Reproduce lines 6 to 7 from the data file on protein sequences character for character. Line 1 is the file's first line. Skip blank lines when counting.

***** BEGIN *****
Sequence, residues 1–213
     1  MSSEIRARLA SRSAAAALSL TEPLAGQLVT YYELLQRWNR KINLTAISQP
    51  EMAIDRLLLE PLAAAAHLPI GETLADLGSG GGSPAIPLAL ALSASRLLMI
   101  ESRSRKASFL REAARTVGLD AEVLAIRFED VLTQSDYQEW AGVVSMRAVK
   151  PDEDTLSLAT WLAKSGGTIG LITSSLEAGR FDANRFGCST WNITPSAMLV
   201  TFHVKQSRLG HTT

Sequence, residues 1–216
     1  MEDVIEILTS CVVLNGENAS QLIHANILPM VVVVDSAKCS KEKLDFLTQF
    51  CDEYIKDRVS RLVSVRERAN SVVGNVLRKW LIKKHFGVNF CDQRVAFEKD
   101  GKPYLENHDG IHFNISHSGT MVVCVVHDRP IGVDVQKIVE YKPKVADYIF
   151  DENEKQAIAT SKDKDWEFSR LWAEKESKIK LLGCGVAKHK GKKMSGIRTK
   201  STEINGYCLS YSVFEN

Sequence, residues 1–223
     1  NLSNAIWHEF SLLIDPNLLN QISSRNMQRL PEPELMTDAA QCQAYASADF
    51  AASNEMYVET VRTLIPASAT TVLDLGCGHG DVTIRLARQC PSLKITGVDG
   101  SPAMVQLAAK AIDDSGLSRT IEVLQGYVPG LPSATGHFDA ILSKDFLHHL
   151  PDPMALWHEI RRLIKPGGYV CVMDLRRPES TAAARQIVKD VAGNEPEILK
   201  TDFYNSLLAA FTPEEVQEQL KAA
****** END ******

   201  TFHVKQSRLG HTT

Sequence, residues 1–216